Meet John, a supermarket manager who is married with three school-age children and takes home a comfortably large paycheck. Sure he has some credit card debts and a couple of car loans, but he never misses a payment and assumes that getting a mortgage for a new home should be a piece of cake.
Then comes the bad news. After visiting several banks with a fat folder of financial documents, John is told he’s above the 43% Rule and can’t borrow the money.
What’s the 43% Rule?
It’s a ratio of debt-to-income, and a crucial standard for deciding who qualifies for a loan and who doesn’t.
In reviewing loan applications, lenders compute the ratio of a person’s debt relative to income. The standard for qualifying for a home loan is 43 percent, though it might vary a bit from lender to lender. If monthly debt payments exceed 43 percent of calculated income, the person is unlikely to qualify, even if he or she pays all their bills on time.
For other types of loans – debt consolidation loans, for example — a ratio needs to fall between 36 and 49 percent. Above that, qualifying for a conventional loan is unlikely.
The debt-to-income ratio surprises a lot of loan applicants who always thought of themselves as good money managers. Whether they want to buy a house, finance a car or consolidate debts, the ratio determines whether they’ll be able to find a lender.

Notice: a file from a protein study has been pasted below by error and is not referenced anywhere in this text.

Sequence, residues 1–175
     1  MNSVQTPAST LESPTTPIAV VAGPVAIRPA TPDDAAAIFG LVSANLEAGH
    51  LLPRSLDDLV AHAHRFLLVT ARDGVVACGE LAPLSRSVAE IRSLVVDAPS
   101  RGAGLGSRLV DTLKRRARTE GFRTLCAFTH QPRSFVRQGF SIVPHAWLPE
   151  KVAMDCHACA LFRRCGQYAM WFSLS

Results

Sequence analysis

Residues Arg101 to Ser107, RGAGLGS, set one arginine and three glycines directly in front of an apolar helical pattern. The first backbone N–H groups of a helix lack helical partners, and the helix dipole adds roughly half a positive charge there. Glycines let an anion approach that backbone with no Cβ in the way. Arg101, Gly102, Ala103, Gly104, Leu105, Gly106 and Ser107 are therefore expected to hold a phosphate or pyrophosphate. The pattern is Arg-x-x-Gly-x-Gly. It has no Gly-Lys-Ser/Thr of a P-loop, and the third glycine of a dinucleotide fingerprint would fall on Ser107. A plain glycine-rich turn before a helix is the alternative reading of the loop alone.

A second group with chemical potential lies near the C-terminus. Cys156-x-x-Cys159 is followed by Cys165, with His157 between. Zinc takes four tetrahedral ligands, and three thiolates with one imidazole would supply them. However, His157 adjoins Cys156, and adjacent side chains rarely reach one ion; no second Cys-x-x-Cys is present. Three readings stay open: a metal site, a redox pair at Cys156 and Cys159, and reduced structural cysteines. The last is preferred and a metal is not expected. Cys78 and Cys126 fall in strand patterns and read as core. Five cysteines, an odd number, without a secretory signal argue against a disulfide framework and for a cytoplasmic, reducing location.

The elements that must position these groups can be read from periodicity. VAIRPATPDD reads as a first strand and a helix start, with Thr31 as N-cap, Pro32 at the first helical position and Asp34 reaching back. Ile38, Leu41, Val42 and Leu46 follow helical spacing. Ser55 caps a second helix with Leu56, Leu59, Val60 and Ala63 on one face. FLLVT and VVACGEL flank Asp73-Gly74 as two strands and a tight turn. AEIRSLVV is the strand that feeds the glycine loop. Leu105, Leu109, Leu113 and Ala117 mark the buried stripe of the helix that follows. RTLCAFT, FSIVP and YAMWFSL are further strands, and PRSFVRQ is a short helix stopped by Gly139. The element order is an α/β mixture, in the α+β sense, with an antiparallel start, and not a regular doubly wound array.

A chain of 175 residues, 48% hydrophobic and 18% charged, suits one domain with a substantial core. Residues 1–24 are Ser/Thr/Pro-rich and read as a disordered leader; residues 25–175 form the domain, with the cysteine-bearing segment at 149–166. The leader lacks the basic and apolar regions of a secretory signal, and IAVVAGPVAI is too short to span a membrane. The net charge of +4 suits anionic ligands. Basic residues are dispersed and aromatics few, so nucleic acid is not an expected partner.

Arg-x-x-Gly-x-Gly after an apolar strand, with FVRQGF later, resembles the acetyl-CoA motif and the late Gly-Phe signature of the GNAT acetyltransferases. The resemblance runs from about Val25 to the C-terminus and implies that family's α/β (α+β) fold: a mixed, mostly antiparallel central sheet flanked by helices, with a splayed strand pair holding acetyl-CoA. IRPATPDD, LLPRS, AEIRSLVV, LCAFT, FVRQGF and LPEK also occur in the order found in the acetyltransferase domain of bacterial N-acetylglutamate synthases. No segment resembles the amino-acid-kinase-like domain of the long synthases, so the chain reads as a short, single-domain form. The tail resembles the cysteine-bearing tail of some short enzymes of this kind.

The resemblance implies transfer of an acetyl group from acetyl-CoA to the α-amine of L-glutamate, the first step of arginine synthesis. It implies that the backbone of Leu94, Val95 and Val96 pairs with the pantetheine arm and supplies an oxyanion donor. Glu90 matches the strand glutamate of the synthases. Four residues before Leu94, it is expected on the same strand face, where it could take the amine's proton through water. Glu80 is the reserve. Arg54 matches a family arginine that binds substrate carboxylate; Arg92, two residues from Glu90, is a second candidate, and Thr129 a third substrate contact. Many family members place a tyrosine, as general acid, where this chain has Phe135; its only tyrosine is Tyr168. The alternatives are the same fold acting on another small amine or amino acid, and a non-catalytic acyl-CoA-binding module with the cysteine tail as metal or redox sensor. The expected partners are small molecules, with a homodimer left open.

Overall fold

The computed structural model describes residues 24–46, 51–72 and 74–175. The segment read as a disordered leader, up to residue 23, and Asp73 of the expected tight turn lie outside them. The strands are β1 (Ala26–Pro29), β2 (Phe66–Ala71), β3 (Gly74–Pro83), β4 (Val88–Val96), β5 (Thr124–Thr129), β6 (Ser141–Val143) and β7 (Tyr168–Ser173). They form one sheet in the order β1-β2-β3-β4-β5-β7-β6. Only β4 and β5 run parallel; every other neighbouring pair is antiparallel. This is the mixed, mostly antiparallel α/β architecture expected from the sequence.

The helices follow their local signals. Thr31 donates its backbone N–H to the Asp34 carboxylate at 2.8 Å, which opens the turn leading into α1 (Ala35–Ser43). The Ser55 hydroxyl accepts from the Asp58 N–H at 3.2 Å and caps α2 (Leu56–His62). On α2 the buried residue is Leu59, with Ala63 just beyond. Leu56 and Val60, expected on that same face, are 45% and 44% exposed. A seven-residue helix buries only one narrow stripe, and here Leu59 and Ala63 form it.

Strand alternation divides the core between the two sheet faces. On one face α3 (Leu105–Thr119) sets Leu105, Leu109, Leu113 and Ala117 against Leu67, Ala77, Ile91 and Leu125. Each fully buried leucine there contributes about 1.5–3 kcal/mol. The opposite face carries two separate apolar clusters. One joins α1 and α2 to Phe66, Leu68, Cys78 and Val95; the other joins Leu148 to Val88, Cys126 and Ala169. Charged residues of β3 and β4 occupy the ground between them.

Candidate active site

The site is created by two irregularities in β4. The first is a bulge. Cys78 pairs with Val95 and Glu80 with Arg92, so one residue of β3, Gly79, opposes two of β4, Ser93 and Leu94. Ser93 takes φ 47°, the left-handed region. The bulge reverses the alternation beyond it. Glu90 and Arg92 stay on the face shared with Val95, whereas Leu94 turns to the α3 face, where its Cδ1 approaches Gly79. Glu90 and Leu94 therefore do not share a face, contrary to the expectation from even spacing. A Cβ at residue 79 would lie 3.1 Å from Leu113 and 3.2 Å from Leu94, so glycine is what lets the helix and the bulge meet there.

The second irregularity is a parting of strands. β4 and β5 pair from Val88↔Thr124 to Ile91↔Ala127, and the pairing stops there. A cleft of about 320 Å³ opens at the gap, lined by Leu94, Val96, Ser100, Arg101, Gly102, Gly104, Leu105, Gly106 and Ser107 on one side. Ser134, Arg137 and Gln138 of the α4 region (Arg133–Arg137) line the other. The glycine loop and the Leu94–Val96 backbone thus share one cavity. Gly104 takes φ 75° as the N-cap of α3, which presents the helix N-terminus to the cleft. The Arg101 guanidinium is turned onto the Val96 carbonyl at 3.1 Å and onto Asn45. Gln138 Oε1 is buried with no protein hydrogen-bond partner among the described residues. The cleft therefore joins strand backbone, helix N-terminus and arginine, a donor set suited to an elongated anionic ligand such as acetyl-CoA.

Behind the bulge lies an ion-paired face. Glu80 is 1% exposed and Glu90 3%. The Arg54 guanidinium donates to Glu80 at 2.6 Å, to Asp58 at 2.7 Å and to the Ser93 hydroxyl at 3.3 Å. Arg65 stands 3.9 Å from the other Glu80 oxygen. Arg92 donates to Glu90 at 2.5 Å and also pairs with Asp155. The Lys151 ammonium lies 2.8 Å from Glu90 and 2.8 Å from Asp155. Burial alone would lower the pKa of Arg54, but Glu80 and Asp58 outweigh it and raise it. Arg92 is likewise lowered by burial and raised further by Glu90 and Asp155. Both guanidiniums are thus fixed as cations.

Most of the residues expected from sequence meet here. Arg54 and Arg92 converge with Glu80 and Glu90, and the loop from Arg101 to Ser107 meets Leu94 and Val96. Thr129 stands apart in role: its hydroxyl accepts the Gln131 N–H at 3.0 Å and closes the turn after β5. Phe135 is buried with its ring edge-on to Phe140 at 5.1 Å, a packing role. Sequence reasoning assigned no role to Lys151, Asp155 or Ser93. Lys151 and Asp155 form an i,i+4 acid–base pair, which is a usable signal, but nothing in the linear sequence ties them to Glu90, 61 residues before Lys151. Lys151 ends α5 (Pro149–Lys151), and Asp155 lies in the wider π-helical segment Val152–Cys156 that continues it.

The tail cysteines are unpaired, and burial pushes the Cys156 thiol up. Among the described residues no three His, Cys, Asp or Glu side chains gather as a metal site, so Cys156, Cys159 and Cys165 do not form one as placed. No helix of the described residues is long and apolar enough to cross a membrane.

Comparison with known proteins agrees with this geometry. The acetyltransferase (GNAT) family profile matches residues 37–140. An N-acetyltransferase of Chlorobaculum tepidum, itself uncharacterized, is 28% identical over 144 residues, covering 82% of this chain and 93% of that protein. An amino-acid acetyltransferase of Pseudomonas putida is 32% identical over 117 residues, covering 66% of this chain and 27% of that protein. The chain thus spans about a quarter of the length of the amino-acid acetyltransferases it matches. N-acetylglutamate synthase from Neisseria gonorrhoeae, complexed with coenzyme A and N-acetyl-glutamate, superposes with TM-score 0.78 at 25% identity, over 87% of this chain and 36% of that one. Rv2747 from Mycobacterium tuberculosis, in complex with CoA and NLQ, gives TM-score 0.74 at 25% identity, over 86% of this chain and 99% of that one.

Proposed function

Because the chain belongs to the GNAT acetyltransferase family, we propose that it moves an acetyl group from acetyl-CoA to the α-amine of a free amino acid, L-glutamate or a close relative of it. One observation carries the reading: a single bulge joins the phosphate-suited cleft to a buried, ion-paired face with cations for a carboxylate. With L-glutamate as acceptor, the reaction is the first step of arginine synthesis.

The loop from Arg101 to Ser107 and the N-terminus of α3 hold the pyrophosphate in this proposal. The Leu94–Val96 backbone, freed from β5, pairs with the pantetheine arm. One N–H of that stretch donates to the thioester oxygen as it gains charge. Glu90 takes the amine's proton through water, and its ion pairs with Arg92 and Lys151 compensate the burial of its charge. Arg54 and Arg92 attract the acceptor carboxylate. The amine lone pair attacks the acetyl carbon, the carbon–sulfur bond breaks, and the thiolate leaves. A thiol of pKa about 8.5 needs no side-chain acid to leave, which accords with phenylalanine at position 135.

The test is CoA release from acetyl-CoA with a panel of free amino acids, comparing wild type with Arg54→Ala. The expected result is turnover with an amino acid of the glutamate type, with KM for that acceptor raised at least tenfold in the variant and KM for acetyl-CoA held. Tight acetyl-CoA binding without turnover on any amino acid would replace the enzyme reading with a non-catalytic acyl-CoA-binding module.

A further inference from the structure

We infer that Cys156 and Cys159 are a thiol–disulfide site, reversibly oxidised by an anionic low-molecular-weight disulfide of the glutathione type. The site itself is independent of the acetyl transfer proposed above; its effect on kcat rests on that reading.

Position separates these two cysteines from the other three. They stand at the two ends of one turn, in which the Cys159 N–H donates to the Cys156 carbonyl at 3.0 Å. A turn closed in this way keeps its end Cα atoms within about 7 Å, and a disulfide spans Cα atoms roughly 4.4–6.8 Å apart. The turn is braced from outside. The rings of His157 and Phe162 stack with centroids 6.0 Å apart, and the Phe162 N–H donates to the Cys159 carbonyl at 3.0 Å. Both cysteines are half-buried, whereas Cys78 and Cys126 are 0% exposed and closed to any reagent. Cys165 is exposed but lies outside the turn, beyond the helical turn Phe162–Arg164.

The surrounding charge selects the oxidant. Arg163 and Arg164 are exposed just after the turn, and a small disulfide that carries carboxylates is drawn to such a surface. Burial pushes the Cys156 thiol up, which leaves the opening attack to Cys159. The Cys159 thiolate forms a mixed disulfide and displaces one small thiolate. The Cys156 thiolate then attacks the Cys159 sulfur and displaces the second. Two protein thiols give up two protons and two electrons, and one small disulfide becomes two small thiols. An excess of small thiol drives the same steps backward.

What is a debt-to-income ratio?
Your debt-to-income ratio compares the amount of your debt (excluding your mortgage or rent payment) to your income. The ratio is best figured on a monthly basis. For example, if your monthly take-home pay is $2,000 and you pay $400 per month in debt payment for loans and credit cards, your debt-to-income ratio is 20 percent ($400 divided by $2,000 = .20).
Put another way, the ratio is a percent of your income that is pre-promised to debt payments. If your ratio is 40%, that means you have pre-promised 40% of your future income to pay debts.
How To Calculate DTI Ratio
So the trick for many would-be-borrowers is a budget before they go shopping for a loan. Lowering a debt-to-income ratio can be the difference between a dream fulfilled and rejection.
Calculating your debt-to-income ratio in easy 4 steps:
- Add up what you owe, including credit cards, rent or mortgage payments, car loans, student loans, etc.*
- Then calculate your income: wages, dividends and freelance income, for instance.**
- Now, convert each to a monthly figure. If your annual income is $60,000, the monthly total is $5,000. Do the same for debt. If your annual debt total is $30,000, the monthly total is $2,500.
- Now divide your debt by your income and multiply by 100 to arrive at a percentage representing your debt-to-income ratio. In this example, that would be 30,000 divided by 60,000 = .5 x 100 = 50%.
*Payments That Are Included In Monthly Debt Payments When Calculating DTI
- Monthly credit card payments (you can use the minimum payment when calculating your DTI ratio)
- Monthly mortgage payment
- Monthly car payment
- Monthly student loan payments
- Monthly personal loan payments
- Monthly debt consolidation loan payments
**Income Included In Your Monthly Income When Calculating DTI
- Income from wages, salary
- Income from tips, if applicable
- Income from self-employment (make sure it is verifiable via tax return)
- Income from alimony
- Income from child support
- Income from social security
- Income from a pension
- Disability income
- Income from investments such as rental properties, stock dividends (must be documented on tax returns)